02 December 2003

Something More About the Mouse
Disney has been in the news of late for its problems with corporate governance. The really sad thing is that the corporate culture is such that there is no real solution for Disney. Bluntly, Disney is founded upon turning public domain and other peoples' intellectual property into its own. Although Peter Pan is perhaps the most obvious example (and, unusually, a not unsympathetic one, as the UK government's action in assigning all benefits to Peter Pan to the Greater Ormond Street Children's Hospital forever violates about six principles of international copyright law), there are many others. The long-running lawsuits over Winnie-the-Pooh merchandising rights; the Mickey Mouse Sonny Bono Copyright Term Extension Act of 1998, which prevents "Steamboat Willie" from entering the public domain on 01 January 2004, as it was scheduled to do; the gross distortions of "fairy tales" from legend in the name of "family-friendly cartoons"; ABC News, with its (far from unique) history of misusing visual images; I won't go on.

   The problem is not corporate governance. The problem is a corporation that cannot be governed under traditional concepts of corporate governance by its very nature. Some of this could have been prevented had any of several acquisitions been subjected to realistic antitrust scrutiny by people who understand both (a) entertainment law and culture, and (b) entertainment industry accounting. Unfortunately, I don't know of any, so perhaps that's a forlorn hope. And it's not unique to Disney; IMNSHO, Viacom, Vivendi Universal, Bertelsman, and several others have similar problems.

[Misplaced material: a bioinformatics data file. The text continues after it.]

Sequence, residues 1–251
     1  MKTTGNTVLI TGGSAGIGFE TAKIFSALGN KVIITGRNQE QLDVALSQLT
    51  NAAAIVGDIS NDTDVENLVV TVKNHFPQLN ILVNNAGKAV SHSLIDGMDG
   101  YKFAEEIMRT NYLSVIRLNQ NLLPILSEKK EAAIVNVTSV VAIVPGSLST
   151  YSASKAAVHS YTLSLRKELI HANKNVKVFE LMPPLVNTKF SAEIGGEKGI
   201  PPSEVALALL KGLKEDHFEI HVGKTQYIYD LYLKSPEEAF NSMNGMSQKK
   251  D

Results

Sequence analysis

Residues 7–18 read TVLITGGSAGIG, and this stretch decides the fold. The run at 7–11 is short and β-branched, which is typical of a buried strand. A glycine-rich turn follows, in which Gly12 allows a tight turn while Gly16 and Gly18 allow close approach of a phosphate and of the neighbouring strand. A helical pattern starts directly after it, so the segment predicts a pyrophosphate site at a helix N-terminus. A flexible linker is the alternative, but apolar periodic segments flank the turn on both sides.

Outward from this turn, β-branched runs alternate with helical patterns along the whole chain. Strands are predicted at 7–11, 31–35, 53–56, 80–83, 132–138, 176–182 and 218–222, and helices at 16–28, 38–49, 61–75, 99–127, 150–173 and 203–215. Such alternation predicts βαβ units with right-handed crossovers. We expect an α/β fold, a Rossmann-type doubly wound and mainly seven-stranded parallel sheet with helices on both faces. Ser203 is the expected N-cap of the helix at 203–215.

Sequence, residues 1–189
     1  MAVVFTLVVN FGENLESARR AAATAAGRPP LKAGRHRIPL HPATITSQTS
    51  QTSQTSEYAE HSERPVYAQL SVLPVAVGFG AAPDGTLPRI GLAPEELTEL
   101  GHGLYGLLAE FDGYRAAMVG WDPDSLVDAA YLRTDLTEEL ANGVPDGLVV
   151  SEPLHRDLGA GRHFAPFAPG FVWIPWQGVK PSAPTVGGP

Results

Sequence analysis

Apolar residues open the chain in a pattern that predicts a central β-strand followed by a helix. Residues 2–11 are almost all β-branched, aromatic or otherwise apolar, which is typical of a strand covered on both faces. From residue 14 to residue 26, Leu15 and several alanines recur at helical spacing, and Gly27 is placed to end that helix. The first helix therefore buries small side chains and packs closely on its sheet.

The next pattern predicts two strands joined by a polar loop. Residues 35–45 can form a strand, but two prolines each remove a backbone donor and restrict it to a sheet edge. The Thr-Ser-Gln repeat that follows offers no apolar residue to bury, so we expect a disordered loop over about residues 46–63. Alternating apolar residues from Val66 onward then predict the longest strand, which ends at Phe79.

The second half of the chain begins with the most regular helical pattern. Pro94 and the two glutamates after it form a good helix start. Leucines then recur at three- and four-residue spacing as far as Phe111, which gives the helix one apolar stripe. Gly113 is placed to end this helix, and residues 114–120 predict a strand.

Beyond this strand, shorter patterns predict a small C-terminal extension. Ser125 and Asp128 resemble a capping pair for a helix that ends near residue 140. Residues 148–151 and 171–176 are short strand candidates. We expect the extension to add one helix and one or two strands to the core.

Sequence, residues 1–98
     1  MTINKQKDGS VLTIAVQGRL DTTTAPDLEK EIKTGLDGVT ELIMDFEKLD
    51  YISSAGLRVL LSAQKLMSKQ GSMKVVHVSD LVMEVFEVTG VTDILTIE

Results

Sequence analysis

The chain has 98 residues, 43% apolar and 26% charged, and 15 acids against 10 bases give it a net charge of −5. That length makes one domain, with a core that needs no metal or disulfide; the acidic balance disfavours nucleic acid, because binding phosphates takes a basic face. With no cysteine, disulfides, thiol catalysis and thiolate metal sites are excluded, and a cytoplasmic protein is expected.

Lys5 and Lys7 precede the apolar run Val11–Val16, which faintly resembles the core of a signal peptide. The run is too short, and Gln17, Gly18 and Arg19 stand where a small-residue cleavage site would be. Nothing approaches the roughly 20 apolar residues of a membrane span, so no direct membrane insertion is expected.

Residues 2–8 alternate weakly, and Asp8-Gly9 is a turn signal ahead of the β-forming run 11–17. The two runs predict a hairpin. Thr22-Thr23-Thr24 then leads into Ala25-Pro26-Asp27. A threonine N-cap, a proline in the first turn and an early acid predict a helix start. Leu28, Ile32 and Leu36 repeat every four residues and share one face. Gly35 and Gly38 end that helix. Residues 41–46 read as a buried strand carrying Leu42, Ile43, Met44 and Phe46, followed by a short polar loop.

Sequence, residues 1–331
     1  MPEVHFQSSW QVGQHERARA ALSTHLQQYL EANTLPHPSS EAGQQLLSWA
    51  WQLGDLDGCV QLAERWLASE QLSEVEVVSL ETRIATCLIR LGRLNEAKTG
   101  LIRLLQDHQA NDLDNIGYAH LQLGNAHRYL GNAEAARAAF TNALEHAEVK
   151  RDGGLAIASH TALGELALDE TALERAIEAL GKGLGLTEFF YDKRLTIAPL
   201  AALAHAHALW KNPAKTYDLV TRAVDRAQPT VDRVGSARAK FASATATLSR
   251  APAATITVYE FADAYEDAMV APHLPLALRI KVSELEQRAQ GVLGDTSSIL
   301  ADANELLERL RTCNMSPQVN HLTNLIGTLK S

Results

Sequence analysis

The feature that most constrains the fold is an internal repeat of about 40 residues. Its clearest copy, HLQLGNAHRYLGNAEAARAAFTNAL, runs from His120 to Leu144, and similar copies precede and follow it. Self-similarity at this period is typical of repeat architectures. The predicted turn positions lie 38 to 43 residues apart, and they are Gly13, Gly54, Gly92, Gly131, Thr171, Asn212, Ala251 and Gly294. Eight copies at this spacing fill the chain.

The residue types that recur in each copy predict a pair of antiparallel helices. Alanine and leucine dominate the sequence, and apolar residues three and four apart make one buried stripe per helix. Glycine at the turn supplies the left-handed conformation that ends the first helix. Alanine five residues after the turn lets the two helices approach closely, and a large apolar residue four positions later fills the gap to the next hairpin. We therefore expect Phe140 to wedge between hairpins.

Not suggesting that there is a single right answer, but does perhaps the nature of a corporation's product properly have something to do with the right way to govern it? The principles applicable to GM certainly don't apply to Disney or Viacom, and in turn don't apply to Pfizer. If nothing else, the incompatible objectives and timeframes must influence not just the substance, but the very structure, of governing those corporations. Otherwise, we end up treating cartoonists like assembly-line workers in Detroit. Then, when foreign labor becomes cheaper, cartoons won't be made in the US anymore; instead, they'll move first to Japan, then to Korea, and probably then to China and India. Come to think of it, that's exactly what has happened…

   <SARCASM> Thus, I make the radical suggestion that the purpose of a business enterprise must influence its governance far more than its formal composition. Any military officer could have told you that, though. </SARCASM>